[Defendant] does not “dump” the raw data from its electronic database or computer, but generates reports as needed.[6] Although [plaintiff’s] expert suggests that [defendant] “should” be required to produce the data from its [database] in an electronic form so it can be used more effectively by [plaintiff], he does not provide any statement that this is how that information is most commonly used. Importantly, [plaintiff] has not identified any inconsistencies in the information provided that would suggest [defendant] is withholding information . . . . Even assuming the [database] could be manipulated by a computer forensic expert to coax out something akin to a “general ledger,” the database does not just contain information about the [project in question], but all of [defendant’s] projects. [Plaintiff] does not dispute that the raw data they seek to have “dumped” from the database cannot be provided without also providing information to which [plaintiff] is clearly not entitled to and which could adversely impact persons and entities that are not parties to this action. Claims by [plaintiff], that [defendant] maybe has something to “hide,” are little more than bald accusations and not a reason to order [defendant] to provide in raw, electronic or “native” form the data it has already provided in PDF documents or hard copies just so [plaintiff] can more easily reconcile these amounts.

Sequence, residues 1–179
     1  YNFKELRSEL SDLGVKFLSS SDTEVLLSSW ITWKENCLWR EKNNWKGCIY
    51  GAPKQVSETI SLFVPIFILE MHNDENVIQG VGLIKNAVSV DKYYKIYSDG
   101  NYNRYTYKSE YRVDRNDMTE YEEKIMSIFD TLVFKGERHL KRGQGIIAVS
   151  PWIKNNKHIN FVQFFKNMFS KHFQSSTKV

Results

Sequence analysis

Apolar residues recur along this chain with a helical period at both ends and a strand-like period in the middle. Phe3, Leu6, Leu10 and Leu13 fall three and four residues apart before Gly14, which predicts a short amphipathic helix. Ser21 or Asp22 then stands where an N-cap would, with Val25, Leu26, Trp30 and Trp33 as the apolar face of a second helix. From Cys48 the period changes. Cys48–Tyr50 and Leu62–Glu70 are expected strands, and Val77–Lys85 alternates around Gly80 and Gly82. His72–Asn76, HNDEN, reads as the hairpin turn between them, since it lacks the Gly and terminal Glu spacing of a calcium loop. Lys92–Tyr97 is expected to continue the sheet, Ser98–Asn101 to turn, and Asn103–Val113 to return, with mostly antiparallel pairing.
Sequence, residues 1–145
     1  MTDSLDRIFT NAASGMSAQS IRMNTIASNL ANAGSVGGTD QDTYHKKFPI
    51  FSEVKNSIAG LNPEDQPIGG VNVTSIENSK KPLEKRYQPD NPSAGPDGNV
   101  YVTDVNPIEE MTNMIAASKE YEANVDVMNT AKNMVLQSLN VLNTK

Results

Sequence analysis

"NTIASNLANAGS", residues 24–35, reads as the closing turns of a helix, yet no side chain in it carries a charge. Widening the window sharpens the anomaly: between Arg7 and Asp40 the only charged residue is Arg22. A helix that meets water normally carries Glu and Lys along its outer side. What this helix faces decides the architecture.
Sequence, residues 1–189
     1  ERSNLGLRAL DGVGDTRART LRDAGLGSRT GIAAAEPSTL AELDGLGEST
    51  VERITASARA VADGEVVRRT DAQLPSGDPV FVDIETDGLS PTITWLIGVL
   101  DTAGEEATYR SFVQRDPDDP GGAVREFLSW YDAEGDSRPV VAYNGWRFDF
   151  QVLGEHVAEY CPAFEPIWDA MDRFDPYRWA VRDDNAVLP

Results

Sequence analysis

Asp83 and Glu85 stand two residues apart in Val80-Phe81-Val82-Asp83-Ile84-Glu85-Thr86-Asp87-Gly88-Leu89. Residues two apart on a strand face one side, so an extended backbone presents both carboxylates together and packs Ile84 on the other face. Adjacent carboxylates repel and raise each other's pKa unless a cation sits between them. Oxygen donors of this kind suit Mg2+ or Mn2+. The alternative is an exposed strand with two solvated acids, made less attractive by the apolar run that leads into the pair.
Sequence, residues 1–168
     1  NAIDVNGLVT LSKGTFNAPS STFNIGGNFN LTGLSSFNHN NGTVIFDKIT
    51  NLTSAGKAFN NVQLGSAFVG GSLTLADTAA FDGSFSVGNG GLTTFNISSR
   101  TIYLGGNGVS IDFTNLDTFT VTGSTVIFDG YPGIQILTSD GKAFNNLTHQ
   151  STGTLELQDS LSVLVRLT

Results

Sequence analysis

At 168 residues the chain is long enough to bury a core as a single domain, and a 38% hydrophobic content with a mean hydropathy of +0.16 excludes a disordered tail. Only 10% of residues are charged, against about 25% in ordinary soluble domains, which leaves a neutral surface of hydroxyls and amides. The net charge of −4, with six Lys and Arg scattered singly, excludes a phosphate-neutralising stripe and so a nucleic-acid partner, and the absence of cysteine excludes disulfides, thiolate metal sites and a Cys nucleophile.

150 Nassau Associates LLC v. RC Dolner LLC, 30 Misc. 3d 1224(A), 2011 WL 556290 (Sup. Ct. N.Y. Co. Feb. 14, 2011).

7.Index No. 112723/10 (Sup. Ct. N.Y. Co. Feb. 14, 2012).

8.36 Misc.3d 1232(A), 2012 WL 3604817 (Surr. Ct. Bronx Co. Aug. 22, 2012)

9. File No. 2011-363596/A (Surr. Ct. Nassau Co. Jan. 9, 2012).

10. Index No. 100053/08 (Sup. Ct. N.Y. Co. Mar. 26, 2012). 

11.2012 N.Y. Slip Op. 51533(U), 2012 WL 3516870 (Sup. Ct. Albany Co. Aug. 13, 2012).